More Water for Klamath to Protect Salmon

Sacramento Bee – 11/29/07

By David Whitney

WASHINGTON – A National Research Council report Wednesday supported more water being released down the Klamath River to protect salmon runs, siding with authors of a 2006 study that critics said the Bush administration tried to suppress.

Environmentalists hailed the report as “a major victory.”

“The science that fish need water is becoming clearer than some people believe,” said Glen Spain of the Pacific Coast Federation of Fishermen’s Associations.

But the research council report also found fault with two recent Klamath River scientific studies, including the one from 2006, saying they examine in detail portions of the complex river system but miss the complete picture of why it’s in such crisis.

“Science is being done in bits and pieces,” said University of South Carolina geography professor William L. Graf, chairman of the 13-member review committee.

The Klamath, once the third most productive salmon river on the West Coast, in recent dry years has been a battleground over water and the Endangered Species Act, pitting farmers relying on irrigation in the upper basin in Southern Oregon against salmon fishermen enduring economic hardship because of disastrous runs.

In 2001, water to irrigators was cut to provide more for fish. The next year, with irrigation supplies restored, more than 30,000 adult salmon died after being infected by pathogens thriving in the warm, shallow lower river.

Since those divisive days, the two competing reports have been released – one by the federal Bureau of Reclamation in 2005 projecting what river flows might look like if upper basin irrigation wasn’t a factor, and another in 2006 sponsored by the Bureau of Indian Affairs looking at how much water should flow down the river to keep fish healthy.

The council report found fault with both studies but felt that the conclusions of the Indian Affairs-funded study conducted by Thomas Hardy of Utah State University should be adopted anyway.

“The recommended flow regimes offer improvements over existing monthly flows,” the report said.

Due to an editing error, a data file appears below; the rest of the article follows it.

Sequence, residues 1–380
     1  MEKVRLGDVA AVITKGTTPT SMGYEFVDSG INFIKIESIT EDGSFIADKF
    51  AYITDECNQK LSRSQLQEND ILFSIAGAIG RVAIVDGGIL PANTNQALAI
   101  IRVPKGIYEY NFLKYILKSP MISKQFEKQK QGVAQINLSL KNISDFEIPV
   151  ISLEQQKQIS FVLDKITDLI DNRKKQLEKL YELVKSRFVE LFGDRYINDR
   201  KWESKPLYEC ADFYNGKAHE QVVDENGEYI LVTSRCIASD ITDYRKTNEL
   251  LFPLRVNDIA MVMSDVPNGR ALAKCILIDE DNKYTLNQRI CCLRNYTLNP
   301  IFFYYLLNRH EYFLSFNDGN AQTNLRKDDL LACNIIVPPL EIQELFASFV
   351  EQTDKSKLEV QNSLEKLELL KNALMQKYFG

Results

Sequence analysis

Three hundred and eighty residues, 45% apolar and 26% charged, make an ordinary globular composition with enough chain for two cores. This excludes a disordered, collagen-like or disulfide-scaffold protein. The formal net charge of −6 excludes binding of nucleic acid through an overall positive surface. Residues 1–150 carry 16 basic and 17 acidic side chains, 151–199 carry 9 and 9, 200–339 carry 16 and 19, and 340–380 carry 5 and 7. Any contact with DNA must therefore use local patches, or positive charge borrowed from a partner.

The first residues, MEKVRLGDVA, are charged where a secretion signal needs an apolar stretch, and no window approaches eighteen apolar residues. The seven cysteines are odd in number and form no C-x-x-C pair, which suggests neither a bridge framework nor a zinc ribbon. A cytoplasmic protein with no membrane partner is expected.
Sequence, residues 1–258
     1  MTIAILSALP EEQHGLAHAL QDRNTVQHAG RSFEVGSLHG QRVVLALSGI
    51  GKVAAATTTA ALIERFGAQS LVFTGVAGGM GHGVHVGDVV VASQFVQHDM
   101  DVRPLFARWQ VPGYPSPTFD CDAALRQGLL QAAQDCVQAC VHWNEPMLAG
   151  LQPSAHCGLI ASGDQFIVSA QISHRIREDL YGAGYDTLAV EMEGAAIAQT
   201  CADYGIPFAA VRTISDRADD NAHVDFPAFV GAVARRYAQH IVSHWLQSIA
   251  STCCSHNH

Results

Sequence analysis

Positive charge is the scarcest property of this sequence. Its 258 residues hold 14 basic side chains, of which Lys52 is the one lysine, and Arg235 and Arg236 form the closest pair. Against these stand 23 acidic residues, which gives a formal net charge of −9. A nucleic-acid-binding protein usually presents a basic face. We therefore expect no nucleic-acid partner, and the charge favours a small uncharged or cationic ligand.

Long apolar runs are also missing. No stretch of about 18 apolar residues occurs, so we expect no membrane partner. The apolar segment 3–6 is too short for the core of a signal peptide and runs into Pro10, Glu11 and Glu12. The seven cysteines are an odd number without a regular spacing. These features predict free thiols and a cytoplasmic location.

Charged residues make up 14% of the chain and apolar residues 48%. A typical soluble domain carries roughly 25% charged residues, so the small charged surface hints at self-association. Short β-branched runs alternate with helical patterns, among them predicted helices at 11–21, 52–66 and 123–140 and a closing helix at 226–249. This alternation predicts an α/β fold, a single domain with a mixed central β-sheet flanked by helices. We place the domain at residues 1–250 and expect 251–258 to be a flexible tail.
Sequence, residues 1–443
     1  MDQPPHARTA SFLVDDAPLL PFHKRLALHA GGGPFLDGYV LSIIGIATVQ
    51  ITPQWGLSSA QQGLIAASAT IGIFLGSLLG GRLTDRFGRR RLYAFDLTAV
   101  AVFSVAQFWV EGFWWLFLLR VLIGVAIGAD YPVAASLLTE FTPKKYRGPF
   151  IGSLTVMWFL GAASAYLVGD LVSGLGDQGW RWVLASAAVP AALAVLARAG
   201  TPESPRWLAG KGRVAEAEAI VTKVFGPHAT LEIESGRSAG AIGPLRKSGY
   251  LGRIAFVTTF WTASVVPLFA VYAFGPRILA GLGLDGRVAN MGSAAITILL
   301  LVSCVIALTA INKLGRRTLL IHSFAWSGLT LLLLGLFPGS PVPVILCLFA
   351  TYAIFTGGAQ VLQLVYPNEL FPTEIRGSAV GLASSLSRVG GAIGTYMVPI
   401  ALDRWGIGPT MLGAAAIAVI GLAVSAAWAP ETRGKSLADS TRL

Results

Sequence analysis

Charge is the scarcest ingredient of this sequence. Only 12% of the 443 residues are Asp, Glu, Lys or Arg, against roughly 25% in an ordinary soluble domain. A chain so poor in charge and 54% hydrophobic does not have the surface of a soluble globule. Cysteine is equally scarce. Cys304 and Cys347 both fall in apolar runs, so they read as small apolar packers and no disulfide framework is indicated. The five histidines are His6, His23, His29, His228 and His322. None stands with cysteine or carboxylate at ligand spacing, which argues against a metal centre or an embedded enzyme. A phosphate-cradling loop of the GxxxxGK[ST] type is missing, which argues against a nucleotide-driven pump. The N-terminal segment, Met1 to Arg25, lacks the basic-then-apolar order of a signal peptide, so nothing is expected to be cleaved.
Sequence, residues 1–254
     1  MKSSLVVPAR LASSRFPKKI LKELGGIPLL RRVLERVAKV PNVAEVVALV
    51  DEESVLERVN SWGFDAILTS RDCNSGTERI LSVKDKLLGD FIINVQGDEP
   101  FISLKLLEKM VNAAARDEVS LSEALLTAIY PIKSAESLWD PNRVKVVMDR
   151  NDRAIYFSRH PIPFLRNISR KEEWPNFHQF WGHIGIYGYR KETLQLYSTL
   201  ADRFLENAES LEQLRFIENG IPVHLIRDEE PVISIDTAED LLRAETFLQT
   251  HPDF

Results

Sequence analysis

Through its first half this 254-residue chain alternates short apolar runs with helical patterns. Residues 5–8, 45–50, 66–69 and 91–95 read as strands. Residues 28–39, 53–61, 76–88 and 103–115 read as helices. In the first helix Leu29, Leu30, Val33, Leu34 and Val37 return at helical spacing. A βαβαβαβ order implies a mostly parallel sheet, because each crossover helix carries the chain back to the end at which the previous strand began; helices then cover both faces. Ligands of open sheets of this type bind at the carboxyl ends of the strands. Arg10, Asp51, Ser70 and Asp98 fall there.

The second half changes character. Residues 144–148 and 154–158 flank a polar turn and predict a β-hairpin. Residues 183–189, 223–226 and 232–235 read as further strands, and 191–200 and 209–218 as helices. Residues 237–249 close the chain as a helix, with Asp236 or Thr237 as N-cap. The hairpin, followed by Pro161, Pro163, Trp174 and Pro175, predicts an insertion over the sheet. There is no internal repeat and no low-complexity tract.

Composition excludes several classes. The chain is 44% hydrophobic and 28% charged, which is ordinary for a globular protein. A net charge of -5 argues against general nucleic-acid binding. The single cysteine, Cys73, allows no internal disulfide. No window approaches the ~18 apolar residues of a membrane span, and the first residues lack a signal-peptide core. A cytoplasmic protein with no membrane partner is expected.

The flows proposed by Hardy, depending on precipitation levels and time of year, could amount to as much as twice the volume of water now being released from Iron Gate Dam, the lowest of the Klamath dams.

The new report by the research council, an arm of the National Academies of Science, is not likely to result in any immediate changes by the Bureau of Reclamation, which tried to downplay its significance. “There’s nothing in here that provides compelling reasons to change our operations,” said bureau spokesman Jeff McCracken in Sacramento.

The report’s release comes as negotiations between fishermen, irrigators, environmentalists, Indian tribes and others to strike a deal on competing Klamath water demands are in their final stages. Separate talks also are occurring with Portland-based PacifCorp, owner of the hydroelectric dams, on knocking them down and reconnecting the river.

Spain said the research council’s findings were certain to be factors in the ongoing negotiations and could influence biologists’ findings this spring as the 2008 irrigation season opens.

The 172-page report raises some of the same concerns of critics of the settlement talks – that important tributaries of the Klamath, particularly the Scott and Shasta rivers in Northern California where irrigation withdrawals are heavy, are being ignored.

Graf said his research team was told that the tributaries were left out of government studies for “political reasons,” adding, “It was not a decision a researcher interested in science would make.”

But with three branches of the Interior Department handling competing interests on the Klamath – irrigation by Reclamation, Indian fishing by the Bureau of Indian Affairs and endangered species by the Fish and Wildlife Service – Graf said his team believes that what is needed is independent and comprehensive research free from politics.

According to Spain and others, the Hardy study itself nearly fell victim to politics and Reclamation’s efforts to “kill it.” Hardy didn’t go that far but described a convoluted process that resulted in several years of delay.

Begun in 1998, Hardy released a draft in 2002 but was not permitted to finish it. He said in a telephone interview that he was told by Reclamation that it had provided data to him that it did not have permission to use. The agency then held up giving him the money to develop replacement data.

A dozen California House members sent a letter to Gale Norton, then the Interior secretary, in 2003 demanding the release of the money and completion of the report to avoid another “catastrophic fish kill.”

Rep. Mike Thompson, D-St. Helena, who led the effort to complete the Hardy report, cheered the NRC’s support of it Wednesday. “This report is further confirmation that increased water flows are a crucial element to the restoration of threatened salmon,” Thompson said in a statement.